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A 44-Year-Old Man with Bilateral Facial Droop 

A 44-Year-Old Man with Bilateral Facial Droop
A 44-Year-Old Man with Bilateral Facial Droop

Jeffrey A. Cohen

, Justin J. Mowchun

, Victoria H. Lawson

, and Nathaniel M. Robbins

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date: 17 June 2021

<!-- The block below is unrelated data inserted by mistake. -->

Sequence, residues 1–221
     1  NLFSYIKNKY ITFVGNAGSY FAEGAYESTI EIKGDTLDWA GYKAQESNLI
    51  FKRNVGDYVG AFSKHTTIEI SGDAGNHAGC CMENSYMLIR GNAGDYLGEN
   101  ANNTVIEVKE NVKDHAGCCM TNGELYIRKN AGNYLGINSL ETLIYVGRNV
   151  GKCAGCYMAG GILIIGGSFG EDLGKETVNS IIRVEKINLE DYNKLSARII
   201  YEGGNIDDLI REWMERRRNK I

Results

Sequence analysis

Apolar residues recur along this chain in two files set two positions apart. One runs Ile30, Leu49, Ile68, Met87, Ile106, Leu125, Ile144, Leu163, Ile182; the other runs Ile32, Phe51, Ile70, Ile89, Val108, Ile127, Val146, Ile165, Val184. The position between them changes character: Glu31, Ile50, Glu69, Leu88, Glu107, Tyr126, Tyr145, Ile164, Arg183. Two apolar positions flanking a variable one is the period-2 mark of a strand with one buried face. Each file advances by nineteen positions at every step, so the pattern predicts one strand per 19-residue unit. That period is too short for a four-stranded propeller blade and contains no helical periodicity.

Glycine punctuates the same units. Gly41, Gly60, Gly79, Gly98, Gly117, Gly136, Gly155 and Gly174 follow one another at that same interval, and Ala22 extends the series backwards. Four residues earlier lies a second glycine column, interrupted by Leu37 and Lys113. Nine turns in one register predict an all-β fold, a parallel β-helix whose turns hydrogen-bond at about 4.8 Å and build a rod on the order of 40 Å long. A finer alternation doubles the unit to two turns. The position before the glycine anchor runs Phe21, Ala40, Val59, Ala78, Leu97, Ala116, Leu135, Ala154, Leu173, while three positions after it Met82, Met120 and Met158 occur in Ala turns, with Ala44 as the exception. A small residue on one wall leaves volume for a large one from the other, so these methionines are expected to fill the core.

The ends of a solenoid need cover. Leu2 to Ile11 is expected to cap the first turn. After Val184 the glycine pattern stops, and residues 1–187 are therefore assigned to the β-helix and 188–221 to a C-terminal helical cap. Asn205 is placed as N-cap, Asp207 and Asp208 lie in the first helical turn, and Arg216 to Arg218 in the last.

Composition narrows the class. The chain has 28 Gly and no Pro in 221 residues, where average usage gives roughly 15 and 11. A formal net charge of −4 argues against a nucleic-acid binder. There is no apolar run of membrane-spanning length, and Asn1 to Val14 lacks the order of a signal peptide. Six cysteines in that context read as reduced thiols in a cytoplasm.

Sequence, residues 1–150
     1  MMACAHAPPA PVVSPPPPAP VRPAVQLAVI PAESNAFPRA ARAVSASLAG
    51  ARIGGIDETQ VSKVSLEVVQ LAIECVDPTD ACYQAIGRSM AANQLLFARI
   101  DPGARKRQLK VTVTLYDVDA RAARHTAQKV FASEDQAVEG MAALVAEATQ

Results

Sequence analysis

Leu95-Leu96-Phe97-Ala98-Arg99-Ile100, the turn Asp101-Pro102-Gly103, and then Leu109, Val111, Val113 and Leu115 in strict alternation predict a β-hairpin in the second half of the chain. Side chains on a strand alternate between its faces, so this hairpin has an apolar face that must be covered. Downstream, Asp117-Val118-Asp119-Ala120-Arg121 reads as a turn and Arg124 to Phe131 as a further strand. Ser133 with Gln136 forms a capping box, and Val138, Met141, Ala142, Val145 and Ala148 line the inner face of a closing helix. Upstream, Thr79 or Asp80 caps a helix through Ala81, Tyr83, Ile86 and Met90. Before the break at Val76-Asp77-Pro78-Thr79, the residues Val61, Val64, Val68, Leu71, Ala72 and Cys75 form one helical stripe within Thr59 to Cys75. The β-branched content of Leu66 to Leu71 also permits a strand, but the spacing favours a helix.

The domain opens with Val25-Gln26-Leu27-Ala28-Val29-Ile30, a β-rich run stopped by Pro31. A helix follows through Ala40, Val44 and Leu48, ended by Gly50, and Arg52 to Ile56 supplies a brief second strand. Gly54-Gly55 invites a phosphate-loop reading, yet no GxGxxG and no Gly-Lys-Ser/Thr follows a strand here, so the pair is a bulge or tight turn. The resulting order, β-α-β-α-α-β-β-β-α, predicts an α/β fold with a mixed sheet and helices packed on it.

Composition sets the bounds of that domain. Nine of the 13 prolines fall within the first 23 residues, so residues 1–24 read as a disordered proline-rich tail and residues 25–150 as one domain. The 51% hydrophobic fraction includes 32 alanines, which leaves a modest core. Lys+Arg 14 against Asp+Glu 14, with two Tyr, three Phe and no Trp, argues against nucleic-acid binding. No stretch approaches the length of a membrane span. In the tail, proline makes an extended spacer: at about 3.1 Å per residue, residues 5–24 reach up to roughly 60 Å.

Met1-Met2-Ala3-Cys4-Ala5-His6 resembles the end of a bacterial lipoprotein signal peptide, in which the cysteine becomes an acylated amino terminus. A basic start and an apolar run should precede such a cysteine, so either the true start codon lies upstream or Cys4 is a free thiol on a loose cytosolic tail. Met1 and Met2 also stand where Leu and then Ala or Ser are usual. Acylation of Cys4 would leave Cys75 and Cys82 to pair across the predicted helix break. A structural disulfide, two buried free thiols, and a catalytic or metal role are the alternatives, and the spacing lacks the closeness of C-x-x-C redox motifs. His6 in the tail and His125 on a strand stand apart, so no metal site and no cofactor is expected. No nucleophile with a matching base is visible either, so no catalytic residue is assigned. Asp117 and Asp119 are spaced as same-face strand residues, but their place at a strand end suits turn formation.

Facial neuropathy is most commonly seen as an idiopathic unilateral palsy known as Bell’s palsy. Generally, acute onset of typical lower motor neuron facial weakness that is not associated with other atypical or suspicious features, remains unilateral, and recovers completely requires no further workup. A recurrent or bilateral peripheral facial palsy makes an idiopathic cause less likely and prompts a more in-depth workup. The appropriate work-up of unilateral or bilateral facial palsy guided by the presence or absence of associated clinical findings is discussed. The major differentials for bilateral facial paresis include brainstem (especially pontine and prepontine) tumors, Lyme disease (especially in endemic areas), basal menigitides, Guillain-Barre syndrome, and sarcoidosis.

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